For this week’s Second Listen Sunday, I decided to visit the Buckeye State and pay homage to The Rude Boys. The Cleveland-based quartet consisted of Larry Marcus, Melvin Sephus, Edward Lee “Buddy” Banks, and Joe Little III. Initially breaking onto the scene in 1990 with the hits “Written All Over Your Face” and “Are You Lonely For Me” from their debut, they wasted no time returning to the studio.
Slow Jam Saturday: Shanice, Saving Forever For You
Undoubtedly, one of the most popular shows of the nineties was FOX’S Beverly Hills, 90210. While the show lacked any melanin leads, the producers strove to showcase R&B music on occasion as the show grew in popularity. Artists such as Brian McKnight, Monica, Luther Vandross, and Jade made cameo appearances on the show. Fans will also remember Eric Benet & Tamia’s stunning “Spend My Life With You” performance during the show’s finale, which featured David Silver and Donna Martin’s long-awaited wedding.
R&B also played in the series two released soundtracks. The first soundtrack was released in 1992, during Season 3, and featured the likes of Color Me Badd, Jody Watley, and even Ms. Chaka Khan. Season 5’s soundtrack, released in 1994, highlighted the college years and went deeper into R&B with groups After 7 and Hi-Five contributing songs.
However, for this week’s Slow Jam Saturday, I wanted to give the elegant Shanice Wilson and her lush ballad “Saving Forever for You” some flowers. Written by Diane Warren and produced by David Foster, the song was a fantastic choice for the songstress to showcase her coloratura soprano voice to a mainstream audience.
Before the single’s release, Shanice had already released two albums. However, while “I Love Your Smile” from her sophomore album found success on the pop charts, the follow-up singles were negated to the R&B charts.
Released on October 1st, 1992, as the soundtrack’s first single, the first time I recall hearing “Saving Forever for You” wasn’t on the radio. It was during the episode A Presumption of Innocence in a scene where the character of Niki attempts to teach Brandon how to dance, not knowing he has two left feet.
We all know that Diane Warren is one of the all-time great songwriters. Combine that with the heavenly arrangements of David Foster, and you have a sure-fire hit. Wilson was nineteen when the song was released and sang the lyrics beautifully. While she avoids the whistle register, I’ve felt she sang the vocals from the standpoint of a young woman experiencing love for the first time as she enters adulthood.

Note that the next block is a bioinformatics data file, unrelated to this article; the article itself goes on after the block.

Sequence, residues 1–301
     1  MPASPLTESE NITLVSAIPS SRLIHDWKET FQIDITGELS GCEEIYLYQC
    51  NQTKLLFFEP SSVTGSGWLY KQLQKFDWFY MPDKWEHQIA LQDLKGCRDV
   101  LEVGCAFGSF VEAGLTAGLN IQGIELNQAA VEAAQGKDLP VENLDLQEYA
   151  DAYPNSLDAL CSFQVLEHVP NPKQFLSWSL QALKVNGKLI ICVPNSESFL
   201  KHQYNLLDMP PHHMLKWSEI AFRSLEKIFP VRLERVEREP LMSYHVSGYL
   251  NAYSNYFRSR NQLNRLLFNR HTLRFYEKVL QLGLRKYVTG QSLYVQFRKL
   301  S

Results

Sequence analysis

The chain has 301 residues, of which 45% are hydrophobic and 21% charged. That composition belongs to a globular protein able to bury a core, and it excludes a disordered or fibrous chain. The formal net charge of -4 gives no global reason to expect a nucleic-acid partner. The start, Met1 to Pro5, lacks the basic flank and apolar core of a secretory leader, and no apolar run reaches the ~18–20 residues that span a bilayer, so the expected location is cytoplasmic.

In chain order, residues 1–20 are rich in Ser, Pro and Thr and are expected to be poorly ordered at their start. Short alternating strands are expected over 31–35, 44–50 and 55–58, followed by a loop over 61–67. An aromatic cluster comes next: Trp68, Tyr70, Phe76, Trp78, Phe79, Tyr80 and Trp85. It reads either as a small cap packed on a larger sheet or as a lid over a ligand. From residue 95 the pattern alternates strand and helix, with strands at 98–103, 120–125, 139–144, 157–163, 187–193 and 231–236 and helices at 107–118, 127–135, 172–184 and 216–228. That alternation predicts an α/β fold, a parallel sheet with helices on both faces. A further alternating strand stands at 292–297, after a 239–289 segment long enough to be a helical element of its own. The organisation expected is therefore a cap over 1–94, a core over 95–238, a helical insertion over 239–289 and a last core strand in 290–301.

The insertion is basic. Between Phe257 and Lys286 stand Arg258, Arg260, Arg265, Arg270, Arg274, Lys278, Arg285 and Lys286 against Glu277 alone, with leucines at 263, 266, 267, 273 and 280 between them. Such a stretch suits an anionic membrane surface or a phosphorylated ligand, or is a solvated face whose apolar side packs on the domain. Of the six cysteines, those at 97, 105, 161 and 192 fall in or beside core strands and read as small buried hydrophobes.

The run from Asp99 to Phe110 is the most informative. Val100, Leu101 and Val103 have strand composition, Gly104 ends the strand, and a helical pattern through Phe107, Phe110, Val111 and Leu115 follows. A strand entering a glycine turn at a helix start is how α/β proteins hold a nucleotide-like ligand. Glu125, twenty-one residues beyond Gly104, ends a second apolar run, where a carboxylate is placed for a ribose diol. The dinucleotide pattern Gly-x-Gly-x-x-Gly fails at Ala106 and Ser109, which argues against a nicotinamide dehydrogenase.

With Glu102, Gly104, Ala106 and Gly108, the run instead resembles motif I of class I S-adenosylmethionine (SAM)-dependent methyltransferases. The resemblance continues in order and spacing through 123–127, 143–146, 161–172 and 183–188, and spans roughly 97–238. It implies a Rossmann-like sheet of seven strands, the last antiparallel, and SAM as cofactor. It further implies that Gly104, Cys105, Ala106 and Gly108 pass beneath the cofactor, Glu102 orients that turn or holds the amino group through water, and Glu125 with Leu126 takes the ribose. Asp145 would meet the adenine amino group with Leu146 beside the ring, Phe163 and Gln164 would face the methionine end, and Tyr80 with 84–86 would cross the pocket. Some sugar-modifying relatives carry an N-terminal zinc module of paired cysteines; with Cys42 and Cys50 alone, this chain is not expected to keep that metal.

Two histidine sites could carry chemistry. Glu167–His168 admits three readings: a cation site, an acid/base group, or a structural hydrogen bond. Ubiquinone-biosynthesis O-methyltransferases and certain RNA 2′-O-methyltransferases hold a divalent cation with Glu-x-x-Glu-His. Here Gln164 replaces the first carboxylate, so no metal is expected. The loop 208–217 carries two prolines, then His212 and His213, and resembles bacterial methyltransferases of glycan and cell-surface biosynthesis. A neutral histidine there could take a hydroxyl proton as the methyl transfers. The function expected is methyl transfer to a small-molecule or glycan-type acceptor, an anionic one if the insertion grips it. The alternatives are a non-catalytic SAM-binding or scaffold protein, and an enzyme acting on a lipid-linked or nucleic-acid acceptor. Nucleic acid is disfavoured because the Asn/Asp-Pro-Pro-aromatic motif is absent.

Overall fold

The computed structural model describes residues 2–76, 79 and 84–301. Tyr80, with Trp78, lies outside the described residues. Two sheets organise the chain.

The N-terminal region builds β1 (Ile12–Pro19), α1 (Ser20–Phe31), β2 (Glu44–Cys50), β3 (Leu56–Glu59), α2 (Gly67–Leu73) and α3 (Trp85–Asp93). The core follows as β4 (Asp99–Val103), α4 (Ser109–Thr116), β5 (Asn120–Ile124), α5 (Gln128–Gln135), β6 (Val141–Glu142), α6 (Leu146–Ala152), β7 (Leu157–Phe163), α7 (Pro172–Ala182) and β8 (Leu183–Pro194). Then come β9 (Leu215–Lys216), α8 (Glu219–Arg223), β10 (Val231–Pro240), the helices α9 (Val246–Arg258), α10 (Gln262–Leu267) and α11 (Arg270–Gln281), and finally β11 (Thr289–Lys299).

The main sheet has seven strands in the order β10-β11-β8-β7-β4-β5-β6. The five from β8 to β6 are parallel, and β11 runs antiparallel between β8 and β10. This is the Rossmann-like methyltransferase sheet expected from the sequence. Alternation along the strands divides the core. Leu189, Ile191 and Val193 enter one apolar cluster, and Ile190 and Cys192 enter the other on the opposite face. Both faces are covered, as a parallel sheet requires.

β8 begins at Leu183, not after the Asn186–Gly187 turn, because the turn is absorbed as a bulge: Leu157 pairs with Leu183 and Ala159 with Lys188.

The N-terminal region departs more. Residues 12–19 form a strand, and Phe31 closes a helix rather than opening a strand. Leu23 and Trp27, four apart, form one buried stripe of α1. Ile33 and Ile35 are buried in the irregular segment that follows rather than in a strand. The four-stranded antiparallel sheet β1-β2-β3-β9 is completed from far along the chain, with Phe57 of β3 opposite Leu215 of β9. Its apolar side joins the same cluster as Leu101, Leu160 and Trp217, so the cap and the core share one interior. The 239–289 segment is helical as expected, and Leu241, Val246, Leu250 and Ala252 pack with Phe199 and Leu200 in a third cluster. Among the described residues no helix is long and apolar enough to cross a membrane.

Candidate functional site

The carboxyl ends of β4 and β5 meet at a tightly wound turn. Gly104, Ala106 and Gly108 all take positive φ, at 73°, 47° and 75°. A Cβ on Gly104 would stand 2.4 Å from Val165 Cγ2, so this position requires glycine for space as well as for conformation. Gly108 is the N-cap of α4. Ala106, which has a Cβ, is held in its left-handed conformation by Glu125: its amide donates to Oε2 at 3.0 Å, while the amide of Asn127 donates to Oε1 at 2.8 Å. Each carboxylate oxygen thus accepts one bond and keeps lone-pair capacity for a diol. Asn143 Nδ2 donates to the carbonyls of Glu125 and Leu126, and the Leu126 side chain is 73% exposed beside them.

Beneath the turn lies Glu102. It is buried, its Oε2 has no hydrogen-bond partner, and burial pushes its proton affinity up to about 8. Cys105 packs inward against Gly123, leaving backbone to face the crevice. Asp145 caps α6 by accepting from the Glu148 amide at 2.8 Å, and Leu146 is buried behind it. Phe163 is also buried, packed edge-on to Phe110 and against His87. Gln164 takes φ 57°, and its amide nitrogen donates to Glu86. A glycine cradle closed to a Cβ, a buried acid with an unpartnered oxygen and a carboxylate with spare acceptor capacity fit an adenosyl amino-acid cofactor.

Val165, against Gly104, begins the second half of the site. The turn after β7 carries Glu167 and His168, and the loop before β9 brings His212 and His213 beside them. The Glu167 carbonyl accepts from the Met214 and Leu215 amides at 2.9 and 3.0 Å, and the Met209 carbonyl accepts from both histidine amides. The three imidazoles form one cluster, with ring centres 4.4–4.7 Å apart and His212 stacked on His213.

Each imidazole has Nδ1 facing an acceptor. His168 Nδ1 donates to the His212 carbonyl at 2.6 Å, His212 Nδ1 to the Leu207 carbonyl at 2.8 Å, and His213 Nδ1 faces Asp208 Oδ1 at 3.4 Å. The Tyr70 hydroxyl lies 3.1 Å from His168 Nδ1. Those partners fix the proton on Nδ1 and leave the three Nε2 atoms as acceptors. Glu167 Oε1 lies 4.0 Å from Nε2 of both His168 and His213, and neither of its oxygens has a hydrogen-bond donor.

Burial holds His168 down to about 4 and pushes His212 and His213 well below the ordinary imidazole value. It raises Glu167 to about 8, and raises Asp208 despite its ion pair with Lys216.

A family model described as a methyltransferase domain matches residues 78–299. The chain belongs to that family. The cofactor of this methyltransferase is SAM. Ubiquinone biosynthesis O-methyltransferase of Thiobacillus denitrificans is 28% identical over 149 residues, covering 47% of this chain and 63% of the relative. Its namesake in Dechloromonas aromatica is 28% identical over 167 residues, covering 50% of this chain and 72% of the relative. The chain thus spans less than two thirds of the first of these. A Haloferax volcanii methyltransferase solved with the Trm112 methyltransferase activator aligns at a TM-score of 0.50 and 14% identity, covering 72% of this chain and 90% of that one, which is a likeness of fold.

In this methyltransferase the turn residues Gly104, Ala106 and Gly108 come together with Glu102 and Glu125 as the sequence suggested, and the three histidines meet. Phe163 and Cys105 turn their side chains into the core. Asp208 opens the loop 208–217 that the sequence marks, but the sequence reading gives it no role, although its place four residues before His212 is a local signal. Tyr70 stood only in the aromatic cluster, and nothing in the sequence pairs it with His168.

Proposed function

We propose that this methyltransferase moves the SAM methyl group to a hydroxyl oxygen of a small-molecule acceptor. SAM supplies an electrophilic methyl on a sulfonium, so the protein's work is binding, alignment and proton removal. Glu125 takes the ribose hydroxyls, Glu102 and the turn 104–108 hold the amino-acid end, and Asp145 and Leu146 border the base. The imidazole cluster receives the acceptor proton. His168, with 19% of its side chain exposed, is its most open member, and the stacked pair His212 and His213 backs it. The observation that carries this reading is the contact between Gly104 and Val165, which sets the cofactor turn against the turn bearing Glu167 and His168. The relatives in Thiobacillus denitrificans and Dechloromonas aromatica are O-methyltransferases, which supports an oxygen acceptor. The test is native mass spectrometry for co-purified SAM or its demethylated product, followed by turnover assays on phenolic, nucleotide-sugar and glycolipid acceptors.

While some may feel the saccharine lyrics haven’t aged well, thirty-one years later, the song remains my favorite ballad in Shanice’s catalog.
Final Grade: A
“Saving Forever For You” from the Beverly Hills 90210 soundtrack is available on all streaming platforms.
More reviews to explorer
Valentine’s Day 2024 may have come and gone, but I still plan to use highlight songs with the V-word for February’s Slow Jam Saturday. The artist I chose is a southern gentleman by the name of Lloyd. Initially breaking onto the scene as a member of the preteen-boy band N-Toon, Lloyd’s solo career kicked off in 2004 with the hit “Southside.”
As we continue to celebrate the month of love, I chose “Valentine by Ryan Leslie as the second song with the word valentine for February’s Slow Jam Saturday. Leslie broke into the music industry in 2003, writing hits for Beyoncé and New Edition. Leslie released the singles “The Way That U Move Girl” and “Used 2 Be” featuring Fabolous. However, his debut album was never officially released due to creative differences with his record label. In late 2007, Leslie finally broke through with the bop “Diamond Girl,” and his self-titled album would finally hit record stores on February 10, 2009. Leslie also succeeded with the follow-up singles “Addiction” and “How It Was Supposed to Be.” Surprisingly, though, Leslie didn’t drop “Valentine” as the fourth single, which would have timed perfectly with the album release date.